Politics

11.08.12

Obama’s Second-Term Surprise: Politics Not As Usual

Expect the unexpected, say people who know the president well. James Warren on what’s in store for the next four years.

No matter how they tried, the joyous crowd of the pre-selected celebrants at Chicago’s McCormick Place could not deny the changes four years had wrought. In contrast to the unbridled spontaneity of that Tuesday night in a public park back in November 2008, this year’s Obama victory rally was the result of carefully engineered stagecraft.

There is, after all, a basic difference between the soft glow of infatuation and the hard realities of a long-term relationship.

But even Obama’s biggest fans may not know him as well as they think. Whether or not his second term is more productive than the first, it’s sure to be more revealing of his essential character. “Aside from his campaign team, strategy, and tactics—all of which again proved to be in a class of their own—the election showed something more important,” says David Maraniss, author of the acclaimed biography Barack Obama: The Story. “Barack Obama moves to his own peculiar rhythms. There are times when he appears behind the curve—and then suddenly he’s way out front. That happened again in these final weeks, from the first debate to election night.”

At a table in a North Side bakery after the McCormick Place victory bash, Maraniss predicts that Obama will continue to surprise people in his second term. Apparent failures and inactions will come around and transform into something else, Maraniss anticipates. That’s often the case with Obama, he says: the president operates at his own pace, no matter how it tests the patience of people around him. Take the gay and lesbian community: for two years they despaired, imagining Obama had forgotten the support they had given him. But then he repealed the military’s “don’t ask, don’t tell” policy, and he was vindicated. “He has a longer sense of time than most of society and, certainly, the political culture,” says Maraniss.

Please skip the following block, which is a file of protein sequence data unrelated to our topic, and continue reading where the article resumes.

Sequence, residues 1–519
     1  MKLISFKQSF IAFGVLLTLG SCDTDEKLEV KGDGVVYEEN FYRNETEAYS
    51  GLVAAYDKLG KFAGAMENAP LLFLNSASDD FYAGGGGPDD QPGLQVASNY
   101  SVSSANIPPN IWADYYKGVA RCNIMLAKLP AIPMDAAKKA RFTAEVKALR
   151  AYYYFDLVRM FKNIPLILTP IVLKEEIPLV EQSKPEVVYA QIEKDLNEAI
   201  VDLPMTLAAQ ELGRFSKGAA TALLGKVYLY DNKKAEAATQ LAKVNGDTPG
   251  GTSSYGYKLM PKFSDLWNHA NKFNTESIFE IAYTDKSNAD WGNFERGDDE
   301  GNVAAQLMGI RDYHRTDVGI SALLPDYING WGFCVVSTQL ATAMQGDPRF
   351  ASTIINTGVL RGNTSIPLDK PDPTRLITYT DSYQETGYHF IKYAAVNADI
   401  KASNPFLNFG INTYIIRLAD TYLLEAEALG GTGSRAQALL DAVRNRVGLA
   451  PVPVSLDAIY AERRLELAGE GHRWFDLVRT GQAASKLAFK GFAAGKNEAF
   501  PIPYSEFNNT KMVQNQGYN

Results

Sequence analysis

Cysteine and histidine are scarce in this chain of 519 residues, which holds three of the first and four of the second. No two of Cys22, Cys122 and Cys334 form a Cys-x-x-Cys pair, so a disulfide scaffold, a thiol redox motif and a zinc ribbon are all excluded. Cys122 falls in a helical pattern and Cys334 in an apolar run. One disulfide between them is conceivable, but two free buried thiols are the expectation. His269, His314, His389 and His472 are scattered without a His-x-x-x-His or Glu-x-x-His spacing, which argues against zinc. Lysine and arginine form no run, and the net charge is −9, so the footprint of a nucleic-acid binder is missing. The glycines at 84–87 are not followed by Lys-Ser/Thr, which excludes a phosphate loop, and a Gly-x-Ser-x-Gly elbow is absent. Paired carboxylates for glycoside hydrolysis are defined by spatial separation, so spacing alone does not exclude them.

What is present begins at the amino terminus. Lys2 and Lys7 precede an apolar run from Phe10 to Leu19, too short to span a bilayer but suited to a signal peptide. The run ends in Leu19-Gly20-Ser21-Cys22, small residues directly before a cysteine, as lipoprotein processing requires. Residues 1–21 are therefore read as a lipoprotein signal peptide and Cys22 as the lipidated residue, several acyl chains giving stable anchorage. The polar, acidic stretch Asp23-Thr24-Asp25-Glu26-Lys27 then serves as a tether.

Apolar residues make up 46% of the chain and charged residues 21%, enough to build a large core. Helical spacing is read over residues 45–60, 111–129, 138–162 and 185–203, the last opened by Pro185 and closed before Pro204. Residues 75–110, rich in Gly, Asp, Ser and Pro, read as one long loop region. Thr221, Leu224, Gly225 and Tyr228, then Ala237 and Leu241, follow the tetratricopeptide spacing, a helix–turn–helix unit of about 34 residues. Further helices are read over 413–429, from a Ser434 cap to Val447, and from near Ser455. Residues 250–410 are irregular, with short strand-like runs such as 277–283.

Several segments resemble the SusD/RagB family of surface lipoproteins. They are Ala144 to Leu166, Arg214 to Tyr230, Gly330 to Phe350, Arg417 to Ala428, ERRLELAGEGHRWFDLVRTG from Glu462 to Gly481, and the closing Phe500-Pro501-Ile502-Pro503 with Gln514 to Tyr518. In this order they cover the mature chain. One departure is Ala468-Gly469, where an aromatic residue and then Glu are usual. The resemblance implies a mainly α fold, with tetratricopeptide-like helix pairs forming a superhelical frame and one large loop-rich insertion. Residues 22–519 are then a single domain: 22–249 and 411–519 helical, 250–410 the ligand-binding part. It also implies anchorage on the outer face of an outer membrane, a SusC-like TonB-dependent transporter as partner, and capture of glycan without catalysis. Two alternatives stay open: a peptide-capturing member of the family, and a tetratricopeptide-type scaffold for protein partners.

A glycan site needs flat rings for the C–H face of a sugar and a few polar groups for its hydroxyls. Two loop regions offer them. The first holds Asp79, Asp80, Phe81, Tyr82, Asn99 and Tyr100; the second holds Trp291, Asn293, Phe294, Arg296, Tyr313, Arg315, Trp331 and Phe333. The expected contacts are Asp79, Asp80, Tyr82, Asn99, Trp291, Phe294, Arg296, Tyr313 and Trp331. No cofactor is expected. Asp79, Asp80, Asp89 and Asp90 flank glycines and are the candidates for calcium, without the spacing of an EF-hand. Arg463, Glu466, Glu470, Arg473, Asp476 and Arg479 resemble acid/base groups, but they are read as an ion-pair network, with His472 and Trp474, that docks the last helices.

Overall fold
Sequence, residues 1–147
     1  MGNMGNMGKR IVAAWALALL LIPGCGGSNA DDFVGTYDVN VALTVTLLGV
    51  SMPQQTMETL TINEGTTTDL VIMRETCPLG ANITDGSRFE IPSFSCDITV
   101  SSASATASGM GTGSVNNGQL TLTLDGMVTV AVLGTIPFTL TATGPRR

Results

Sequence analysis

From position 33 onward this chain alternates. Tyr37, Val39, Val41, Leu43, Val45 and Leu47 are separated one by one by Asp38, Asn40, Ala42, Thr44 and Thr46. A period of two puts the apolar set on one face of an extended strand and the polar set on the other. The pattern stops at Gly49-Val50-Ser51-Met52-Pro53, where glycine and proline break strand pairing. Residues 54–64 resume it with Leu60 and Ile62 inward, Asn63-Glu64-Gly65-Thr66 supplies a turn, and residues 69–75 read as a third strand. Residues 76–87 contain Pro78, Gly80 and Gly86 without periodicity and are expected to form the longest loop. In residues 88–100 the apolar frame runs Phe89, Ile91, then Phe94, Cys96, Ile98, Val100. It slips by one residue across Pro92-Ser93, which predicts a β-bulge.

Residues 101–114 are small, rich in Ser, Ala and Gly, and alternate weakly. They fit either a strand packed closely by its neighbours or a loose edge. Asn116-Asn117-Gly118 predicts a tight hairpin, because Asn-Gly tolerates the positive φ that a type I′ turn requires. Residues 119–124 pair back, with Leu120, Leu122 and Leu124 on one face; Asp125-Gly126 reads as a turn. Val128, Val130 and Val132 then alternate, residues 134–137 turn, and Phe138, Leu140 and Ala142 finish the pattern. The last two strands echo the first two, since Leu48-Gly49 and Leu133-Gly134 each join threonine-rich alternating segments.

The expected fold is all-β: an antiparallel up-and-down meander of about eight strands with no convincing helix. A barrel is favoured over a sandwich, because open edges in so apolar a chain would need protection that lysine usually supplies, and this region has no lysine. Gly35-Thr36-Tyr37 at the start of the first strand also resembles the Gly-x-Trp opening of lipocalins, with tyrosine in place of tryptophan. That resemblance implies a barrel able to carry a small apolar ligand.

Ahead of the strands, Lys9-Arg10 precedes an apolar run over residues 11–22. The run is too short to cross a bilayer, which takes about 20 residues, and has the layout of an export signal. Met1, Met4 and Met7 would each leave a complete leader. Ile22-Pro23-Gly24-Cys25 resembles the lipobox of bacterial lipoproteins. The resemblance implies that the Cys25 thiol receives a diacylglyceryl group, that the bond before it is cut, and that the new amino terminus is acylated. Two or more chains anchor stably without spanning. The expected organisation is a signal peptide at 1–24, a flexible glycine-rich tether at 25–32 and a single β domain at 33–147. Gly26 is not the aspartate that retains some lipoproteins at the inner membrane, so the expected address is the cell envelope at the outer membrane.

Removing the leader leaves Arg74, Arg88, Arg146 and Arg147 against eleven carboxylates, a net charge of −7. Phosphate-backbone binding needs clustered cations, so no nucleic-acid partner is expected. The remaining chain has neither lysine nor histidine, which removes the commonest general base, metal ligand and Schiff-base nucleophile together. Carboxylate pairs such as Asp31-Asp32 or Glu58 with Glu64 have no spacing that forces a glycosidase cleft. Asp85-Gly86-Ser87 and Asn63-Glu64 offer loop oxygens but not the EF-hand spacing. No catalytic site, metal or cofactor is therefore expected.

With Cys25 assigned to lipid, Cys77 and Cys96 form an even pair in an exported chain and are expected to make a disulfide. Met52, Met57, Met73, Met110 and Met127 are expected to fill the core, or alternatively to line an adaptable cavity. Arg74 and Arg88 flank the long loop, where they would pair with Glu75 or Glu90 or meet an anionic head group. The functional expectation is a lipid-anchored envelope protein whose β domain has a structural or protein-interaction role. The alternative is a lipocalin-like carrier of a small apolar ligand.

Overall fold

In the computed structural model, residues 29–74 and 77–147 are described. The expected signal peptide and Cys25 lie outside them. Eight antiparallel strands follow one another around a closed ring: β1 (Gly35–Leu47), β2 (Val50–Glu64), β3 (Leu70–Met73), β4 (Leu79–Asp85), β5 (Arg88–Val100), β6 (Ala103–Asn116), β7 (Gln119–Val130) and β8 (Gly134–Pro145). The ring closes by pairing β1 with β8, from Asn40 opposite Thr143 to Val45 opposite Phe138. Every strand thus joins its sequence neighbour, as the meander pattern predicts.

Obama’s close friend John Rogers Jr. concurs. The prominent Chicago investment manager, a member of the Obama basketball posse, recalls how the then-freshman senator frustrated his staff in the early days of the 2008 campaign. The candidate, a long shot at the time, seemed to be spending an inordinate amount of time stumping in Iowa before the caucuses. “He stayed with his game plan even though it didn’t seem to be working and people wanted him to change it,” Rogers recalls. “A lot of people were skeptical of the whole Iowa game. But he said he would stick with it. That took vision and a real sense of believing in a plan.” This past Tuesday the president’s basketball posse continued its ritual of playing on Election Day.

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In his victory speech Tuesday night, the president said the best is yet to come.

Just to keep things interesting, the president still has the Republicans in Congress to deal with. Tuesday’s vote left them with their House majority intact and the ability to stage a Senate filibuster whenever they choose. As if that weren’t enough, with the two parties engaged in a high-stakes political pas de deux over matters like the “fiscal cliff,” there’s a possibility that the GOP itself might be upended by an internecine struggle in the wake of Mitt Romney’s decisive defeat.

All the same, Maraniss suggests that the president may be stronger now than he has ever been. Much of Obama’s career, including the important years as a community organizer in Chicago, has been a struggle between his raw idealism and the need to confront the world as it is. The experience has left the president with a combination of the two impulses and a firm belief in holding onto power while not necessarily expanding it too quickly.

“He doesn’t just want to survive,” says Maraniss. “He wants to be a great man.”

In Obama’s world there are few permanent friends—or permanent enemies, either. Power abhors a vacuum, as he sees things, and unless one holds onto it, someone else will grab it. On Tuesday he held on. Now Maraniss suspects that Obama intends to put that power to use, tackling political challenges people have accused him of neglecting until now—longtime problems such as budgetary and fiscal issues, and gun control.

With the election over at last, Obama may well be ready to get things done. “He doesn’t just want to survive,” says Maraniss (who also wrote First in His Class, the most insightful biography yet of Bill Clinton). “He wants to be a great man.” It’s just possible that Obama has played it like a champion athlete, letting the game come to him. That really would give his fans something to cheer about.